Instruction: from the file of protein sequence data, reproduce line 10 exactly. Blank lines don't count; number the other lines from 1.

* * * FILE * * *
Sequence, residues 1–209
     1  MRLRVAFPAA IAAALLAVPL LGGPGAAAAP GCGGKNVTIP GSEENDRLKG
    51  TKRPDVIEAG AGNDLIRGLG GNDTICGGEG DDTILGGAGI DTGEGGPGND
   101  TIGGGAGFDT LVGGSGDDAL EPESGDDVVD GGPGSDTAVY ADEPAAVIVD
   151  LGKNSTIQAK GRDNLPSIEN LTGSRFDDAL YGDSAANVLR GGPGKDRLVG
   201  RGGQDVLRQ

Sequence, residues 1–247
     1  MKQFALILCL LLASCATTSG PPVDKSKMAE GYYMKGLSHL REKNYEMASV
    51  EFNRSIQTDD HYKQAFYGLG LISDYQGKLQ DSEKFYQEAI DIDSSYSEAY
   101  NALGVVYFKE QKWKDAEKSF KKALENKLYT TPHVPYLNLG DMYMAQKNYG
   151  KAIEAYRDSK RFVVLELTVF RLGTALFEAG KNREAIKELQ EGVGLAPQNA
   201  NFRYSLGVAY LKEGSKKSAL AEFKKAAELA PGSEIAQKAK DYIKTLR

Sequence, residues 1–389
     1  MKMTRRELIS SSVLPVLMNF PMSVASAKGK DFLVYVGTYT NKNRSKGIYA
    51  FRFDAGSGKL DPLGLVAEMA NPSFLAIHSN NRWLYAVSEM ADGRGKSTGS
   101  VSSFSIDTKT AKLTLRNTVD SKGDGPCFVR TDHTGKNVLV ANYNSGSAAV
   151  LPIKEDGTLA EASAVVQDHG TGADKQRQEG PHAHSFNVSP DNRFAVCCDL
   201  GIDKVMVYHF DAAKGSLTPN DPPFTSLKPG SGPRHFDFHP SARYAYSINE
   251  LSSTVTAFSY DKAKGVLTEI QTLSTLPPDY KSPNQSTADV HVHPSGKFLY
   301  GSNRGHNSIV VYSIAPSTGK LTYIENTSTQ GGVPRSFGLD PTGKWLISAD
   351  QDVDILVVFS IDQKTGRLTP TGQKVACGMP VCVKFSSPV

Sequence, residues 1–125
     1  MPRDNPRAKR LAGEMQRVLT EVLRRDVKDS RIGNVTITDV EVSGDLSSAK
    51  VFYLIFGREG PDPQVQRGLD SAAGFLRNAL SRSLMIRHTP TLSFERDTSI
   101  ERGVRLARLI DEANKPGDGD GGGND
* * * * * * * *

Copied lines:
   101  NALGVVYFKE QKWKDAEKSF KKALENKLYT TPHVPYLNLG DMYMAQKNYG